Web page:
In short, I'm clearly a dummy and I presume you are not... Also, enjoy every sandwich.

    Bloody hell, good thing the chimney technician knew his stuff. We do have CO alarms but no, it was our smoke alarms that blasted us out of bed in the small hours. It gave us a creepy idea of how unnerving it'd be to wake up to an alarm for a real fire.


    Obviously a relief it wasn't a fire but a mystery why they went off. I wondered if they were triggered by a momentary power dropout.


    One good outcome - as I struggled to get back off I decided to put some music on and chose A Map Of The Floating City by Thomas Dolby, prompted by having just read his autobiography. I hadn't heard it for years and got reacquainted with what an excellent album it is. I heard the whole thing then managed to get back to sleep!

    War of the Worlds on BBC a few months ago. They changed the story beyond recognition to make it all about a man trying to get a divorce from his wife so he could marry Demelza from Poldark while the Martian invasion that was the whole point of the book just happened quietly in the background. I’m sure the Edwardian divorce laws were unfair, but I rather suspect that’s not what most of the viewers tuned in to see! :/

    I certainly had some caveats about that version but it's interesting how perceptions can differ - to me it didn't feel it was all about the divorce and the invasion didn't come across to me as a quiet background thing! Blimey. Anyway, no I didn't think the adaptation was especially good. It was frustrating as I'd been eager for a period version as WOTW usually gets updated, but I thought it could've been done better. In fact, when you read the book now (as I recently did) there are all kinds of modern parallels with our current circumstances.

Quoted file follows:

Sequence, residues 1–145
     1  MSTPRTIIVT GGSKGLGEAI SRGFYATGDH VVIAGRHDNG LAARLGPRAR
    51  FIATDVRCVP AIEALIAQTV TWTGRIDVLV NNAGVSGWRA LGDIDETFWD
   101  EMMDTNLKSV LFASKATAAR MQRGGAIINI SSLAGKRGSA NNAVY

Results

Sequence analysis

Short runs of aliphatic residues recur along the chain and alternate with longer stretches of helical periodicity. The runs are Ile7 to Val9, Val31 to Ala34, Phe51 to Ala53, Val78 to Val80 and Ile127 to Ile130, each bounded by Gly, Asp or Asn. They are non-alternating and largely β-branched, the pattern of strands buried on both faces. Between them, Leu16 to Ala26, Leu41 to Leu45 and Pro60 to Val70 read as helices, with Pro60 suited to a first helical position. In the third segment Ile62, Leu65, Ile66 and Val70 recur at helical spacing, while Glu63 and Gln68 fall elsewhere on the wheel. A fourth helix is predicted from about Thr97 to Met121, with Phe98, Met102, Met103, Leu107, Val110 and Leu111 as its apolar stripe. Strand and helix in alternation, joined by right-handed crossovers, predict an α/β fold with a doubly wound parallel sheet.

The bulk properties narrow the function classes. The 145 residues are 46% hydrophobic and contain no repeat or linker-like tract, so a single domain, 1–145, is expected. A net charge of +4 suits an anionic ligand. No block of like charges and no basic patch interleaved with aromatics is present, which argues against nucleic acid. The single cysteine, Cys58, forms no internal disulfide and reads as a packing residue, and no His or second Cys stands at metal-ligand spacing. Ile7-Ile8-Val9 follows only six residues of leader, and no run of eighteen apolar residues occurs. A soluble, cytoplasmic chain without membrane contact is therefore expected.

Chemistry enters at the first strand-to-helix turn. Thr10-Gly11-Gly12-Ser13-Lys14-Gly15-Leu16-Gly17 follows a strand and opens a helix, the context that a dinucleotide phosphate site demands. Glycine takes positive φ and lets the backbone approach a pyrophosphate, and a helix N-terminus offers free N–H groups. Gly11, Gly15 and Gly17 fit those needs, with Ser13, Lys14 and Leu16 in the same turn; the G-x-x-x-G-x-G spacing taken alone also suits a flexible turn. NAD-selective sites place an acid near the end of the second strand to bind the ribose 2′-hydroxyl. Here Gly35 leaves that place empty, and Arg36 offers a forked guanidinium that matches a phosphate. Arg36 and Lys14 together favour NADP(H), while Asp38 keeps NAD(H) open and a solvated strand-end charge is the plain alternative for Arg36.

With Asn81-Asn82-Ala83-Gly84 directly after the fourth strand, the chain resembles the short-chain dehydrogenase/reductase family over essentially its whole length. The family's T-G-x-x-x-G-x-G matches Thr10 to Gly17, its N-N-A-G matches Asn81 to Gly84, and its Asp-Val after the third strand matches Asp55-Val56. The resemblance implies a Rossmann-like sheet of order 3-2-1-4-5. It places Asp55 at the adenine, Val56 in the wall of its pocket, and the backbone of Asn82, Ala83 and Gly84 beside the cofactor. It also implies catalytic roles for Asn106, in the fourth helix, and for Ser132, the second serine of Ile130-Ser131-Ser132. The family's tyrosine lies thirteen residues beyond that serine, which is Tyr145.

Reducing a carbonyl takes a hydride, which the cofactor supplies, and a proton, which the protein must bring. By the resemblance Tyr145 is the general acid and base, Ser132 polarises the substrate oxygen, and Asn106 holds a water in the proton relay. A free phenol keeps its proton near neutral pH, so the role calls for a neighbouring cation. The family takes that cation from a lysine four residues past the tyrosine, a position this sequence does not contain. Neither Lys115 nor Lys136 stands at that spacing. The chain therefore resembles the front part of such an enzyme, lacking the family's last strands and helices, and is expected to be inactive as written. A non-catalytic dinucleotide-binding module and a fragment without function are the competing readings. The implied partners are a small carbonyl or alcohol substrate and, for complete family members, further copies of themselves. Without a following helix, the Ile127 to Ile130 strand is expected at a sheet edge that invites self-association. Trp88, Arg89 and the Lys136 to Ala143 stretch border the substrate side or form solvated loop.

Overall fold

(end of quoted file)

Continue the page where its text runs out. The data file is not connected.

I don't know what other recent TV adaptations you might have in mind but going back to the general point you made earlier, in principle I'm not against period pieces being seen through a modern lens. In some ways it's unavoidable, as the programmes are being made by people who exist now and have the morals, ethics, viewpoints etc of now.


    I believe art can't help but be seen in context of a constantly evolving present, which is why for example I'm fine with Shakespeare stage adaptations being done with modern dress and settings etc, which some people object to. But ultimately it has to work. 19th/early 20th century pieces with a modern filter are fine in theory but like anything it can't be a shotgun marriage.

    Almost coming to the end of Cardinal. What to watch next?

    Blimey, you made it through then. On the basis of the first episode I don't know how you did it. Keen hearing must have played a part! It obviously was compelling enough to keep you going.


    I started ep1 of The Secrets She Keeps but didn't finish it. Like ep1 of Cardinal it simply didn't engage me. I'm a bit sick of seeing dramas about middle-class white people and their travails. In this case, a middle-class white woman pregnant with her 3rd child, in a nice big house with her middle-class white husband. All it needed was for one of them to be a lawyer, but I can at least say neither were. At one point they go for lunch at the big house of her slightly disapproving wealthy mother, and the maverick rebellious sister is present. So it ticks a few trope boxes.


    The potential interest comes from a down-at-heel shopworker, also pregnant and due the same time, who appears to have some sort of fixation on the first woman. So we are meant to think, ooh where will this lead, what will she do? And is she responsible for the hateful messages appearing in the first woman's yummy-mummy blog comments? But I couldn't work up enough interest. I might at least complete the 1st ep and see what I think.


    For Downton Abbey fans, the shopworker is played by Laura Carmichael in a jarringly different sort of role and look.

    Guess which Genesis track I'm listening to right now this very moment as I write this.


    EDIT - to narrow it down: 5-man era

    We had one guess of Supper's Ready in the 2 months since I posted the above. But it wasn't. So it's really getting tense now (he desperately explained). So come on in with those guesses. Unless you don't want to.